– Joshua
    Commented Apr 14, 2015 at 13:54
  • @JoshuaBigbee - the signal identification of Jesus Christ at the Second Advent will be seeing one "pierced" (see Ps 22:16 and Is 53:5 and compare with Zech 12:10, which is repeated in Jn 19:34, Jn 19:37, and then in Rev 1:7). The emphasis at the end times is the visual identification of one "pierced" (or one maimed by crucifixion), which will be the signal identifier of Jesus Christ -- which is, incidentally, how the disciples had recognized him after his resurrection.
    – Joseph
    Commented Apr 18, 2015 at 17:11
  • Luke 24:36-43.

    Jesus showed the disciples his hands and feet, saying:

    A ghost does not have flesh and bones as you see I have.
    -- Luke 24:36 (NIV)

    The disciples were filled with joy and amazement. Would they be amazed at holes in his hands and feet, or would they have joy and amazement at a complete healing?

  • John 20:27-28.

    Jesus had Thomas put his finger out to touch him and invited him to see his hands and put his finger into his side. What we need to notice is what is not said... nothing is said about scars or holes, instead, Thomas worships Jesus. Would he worship Jesus as God with only a partial healing? Would John acknowledge Jesus as the Word, as the creator of all if he was not fully healed?

    At the crucifixion, Jesus's skin, muscles, and sinew were falling off of his body. He had been beaten to utter unrecognition as a human. Why would only some of these wounds be healed in the ressurection? Why keep the piercings in hands, feet, and side? Does God really not have the power to heal himself?

  • Matthew 28:9.

    The women bowed to him, clasped his feet, and worshiped him. No mention of scars, and again, they are worshipping him as God.

Not one of theses scriptures mention scars or holes; in each the people are amazed and in all of these accounts Jesus is worshiped as God. Was Thomas amazed and believed because he saw scars, or because he didn't see them, but instead saw that Christ was fully healed?

As was previously stated, we cannot make an assumption, such that Jesus had scars and wounds, and then read it into the text when it isn't there.

In the Old Testament, Ps 22:16, Is 53:5, and Zech 12:10 are all referring to people looking at Jesus on the cross. It is a stretch to say these verses are referring to the second advent. Rev.1:7 is saying that when Christ does return, everyone will see him, including those who hung him on the cross and watched him die. It does not say anywhere in scripture that he will be recognized at the second coming by his piercings, scars, or wounds. Nor does it say anywhere in scripture that he still had piercings, scars, and wounds after the resurrection.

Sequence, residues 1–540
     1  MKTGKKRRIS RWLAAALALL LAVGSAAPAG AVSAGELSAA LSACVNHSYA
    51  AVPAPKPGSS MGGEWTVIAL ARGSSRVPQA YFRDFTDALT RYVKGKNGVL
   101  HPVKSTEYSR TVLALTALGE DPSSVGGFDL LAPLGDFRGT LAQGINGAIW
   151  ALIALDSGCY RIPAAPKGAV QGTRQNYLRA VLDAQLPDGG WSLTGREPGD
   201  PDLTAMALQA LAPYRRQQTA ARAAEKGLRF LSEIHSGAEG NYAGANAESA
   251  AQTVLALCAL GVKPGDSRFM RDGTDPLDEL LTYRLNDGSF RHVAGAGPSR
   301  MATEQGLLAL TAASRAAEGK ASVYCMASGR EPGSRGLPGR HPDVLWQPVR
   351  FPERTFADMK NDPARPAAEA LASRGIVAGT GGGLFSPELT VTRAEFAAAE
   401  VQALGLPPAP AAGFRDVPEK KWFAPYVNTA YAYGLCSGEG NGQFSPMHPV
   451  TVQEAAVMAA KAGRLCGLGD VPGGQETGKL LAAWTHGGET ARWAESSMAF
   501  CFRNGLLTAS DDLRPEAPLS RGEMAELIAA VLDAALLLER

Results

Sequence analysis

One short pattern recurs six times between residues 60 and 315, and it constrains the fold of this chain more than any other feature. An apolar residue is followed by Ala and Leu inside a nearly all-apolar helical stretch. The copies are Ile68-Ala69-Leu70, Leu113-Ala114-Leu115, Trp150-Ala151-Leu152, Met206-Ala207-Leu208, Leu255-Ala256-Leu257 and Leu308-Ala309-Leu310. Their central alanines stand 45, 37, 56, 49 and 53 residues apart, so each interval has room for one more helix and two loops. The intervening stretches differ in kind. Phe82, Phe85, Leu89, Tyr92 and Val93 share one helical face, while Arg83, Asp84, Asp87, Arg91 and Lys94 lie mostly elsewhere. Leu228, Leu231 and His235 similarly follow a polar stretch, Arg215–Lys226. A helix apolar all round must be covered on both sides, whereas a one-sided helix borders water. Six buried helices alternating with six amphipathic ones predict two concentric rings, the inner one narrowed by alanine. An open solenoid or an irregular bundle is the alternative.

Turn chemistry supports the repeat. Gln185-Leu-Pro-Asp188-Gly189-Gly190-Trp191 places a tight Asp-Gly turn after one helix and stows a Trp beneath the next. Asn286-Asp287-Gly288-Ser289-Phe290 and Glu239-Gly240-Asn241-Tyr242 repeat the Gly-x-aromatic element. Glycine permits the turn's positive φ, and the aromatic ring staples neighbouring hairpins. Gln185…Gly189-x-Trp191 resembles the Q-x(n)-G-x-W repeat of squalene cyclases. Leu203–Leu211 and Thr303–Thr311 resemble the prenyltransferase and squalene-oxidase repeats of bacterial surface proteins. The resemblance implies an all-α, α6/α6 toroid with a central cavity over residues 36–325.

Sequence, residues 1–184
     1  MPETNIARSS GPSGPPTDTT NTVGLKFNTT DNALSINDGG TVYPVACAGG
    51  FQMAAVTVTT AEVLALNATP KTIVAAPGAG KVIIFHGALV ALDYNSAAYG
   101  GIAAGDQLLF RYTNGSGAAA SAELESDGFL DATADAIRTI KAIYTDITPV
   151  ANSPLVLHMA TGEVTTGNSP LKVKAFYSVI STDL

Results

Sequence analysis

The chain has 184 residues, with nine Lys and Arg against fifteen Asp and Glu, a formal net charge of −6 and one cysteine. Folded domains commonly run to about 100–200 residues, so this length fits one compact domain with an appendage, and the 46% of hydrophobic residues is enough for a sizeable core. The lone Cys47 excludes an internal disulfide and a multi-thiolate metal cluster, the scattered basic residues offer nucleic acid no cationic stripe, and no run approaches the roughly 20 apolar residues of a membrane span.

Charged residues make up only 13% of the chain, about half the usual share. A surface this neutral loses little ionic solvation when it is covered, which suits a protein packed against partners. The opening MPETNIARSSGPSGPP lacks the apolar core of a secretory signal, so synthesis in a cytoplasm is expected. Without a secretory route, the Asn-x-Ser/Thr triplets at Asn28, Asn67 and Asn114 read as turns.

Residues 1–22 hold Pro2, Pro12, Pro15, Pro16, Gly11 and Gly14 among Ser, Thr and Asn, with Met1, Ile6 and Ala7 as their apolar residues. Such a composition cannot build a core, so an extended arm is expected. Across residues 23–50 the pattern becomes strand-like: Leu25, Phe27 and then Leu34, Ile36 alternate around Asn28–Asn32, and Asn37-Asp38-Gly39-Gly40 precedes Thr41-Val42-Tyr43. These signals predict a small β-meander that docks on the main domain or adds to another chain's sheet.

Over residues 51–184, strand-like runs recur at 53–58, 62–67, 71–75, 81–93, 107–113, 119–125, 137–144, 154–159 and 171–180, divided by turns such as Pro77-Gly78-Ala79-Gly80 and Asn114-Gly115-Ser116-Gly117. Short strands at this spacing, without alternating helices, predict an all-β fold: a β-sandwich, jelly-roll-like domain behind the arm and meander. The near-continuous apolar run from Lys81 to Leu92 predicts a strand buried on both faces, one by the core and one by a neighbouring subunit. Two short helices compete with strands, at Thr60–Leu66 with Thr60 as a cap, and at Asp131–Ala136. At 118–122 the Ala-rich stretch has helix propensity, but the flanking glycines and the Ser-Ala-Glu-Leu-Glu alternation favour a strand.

• Welcome to BH.SE! When you quote text from the Bible, use '>' as the first character of a new paragraph, and include the version you are using. I added some bullets ("*" or "-" character followed by a space, to start a paragraph) so your examples would stand out. Read the Markdown help page for more info
    – enegue
    Commented Jun 3, 2017 at 21:41
  • BTW. The downvote didn't come from me. I don't believe they help anyone.
    – enegue
    Commented Jun 3, 2017 at 21:41
  • I don't see what's worthy of a downvote in this answer. Jesus doesn't seem to be particularly noteworthy until he reveals himself, as someone covered in wounds would be. Mary thinks that he is the gardener (Jn 20:15), which seems unlikely if he is bleeding. - And "why would Jesus keep only these three wounds" is an incredibly good question. - Your point that we should watch our assumptions is important. Just because Jesus says "Put your hand into my side" doesn't mean that Thomas actually put his finger in a hole. I'm upvoting. Commented Oct 23, 2017 at 22:45
  • Indeed, Jesus' comment to Thomas, echoing Thomas' own, can be read as using irony while showing there are no wounds, because he has been completely healed. Commented Feb 17, 2021 at 19:23

As noted by Paul Dean, the credibility of the resurrected body would be enhanced given that the body still bore the traces of the wounds, showing thus that it was the very same body that had received the wounds.

In fact, this is the logic of Thomas' demand to see the traces of the Lord's wounds, for this would indicate for him the identity of the dead body with the resurrected body, for the wounds were such as to lead to a necessary death, and therefore a real resurrection must have shown to him that even those wounds that caused the death are triumphed over by Life; and contrariwise, had he not seen the traces of the wounds, he would have had good grounds to suspect that this was a real body of Jesus, and even that it was the real Jesus.

Therefore, as regards Thomas, we have an either-or thing here: "either there are traces of wounds and then I believe, or there are not traces of the wounds and then I do not believe". That is to say, Thomas does not doubt that somebody claiming to be resurrected Jesus appeared to the disciples who told him this, he just says that unless he verifies this somebody's body, he will disbelieve in the reality of Jesus' resurrection and hence not share the jubilation of the rest of the disciples.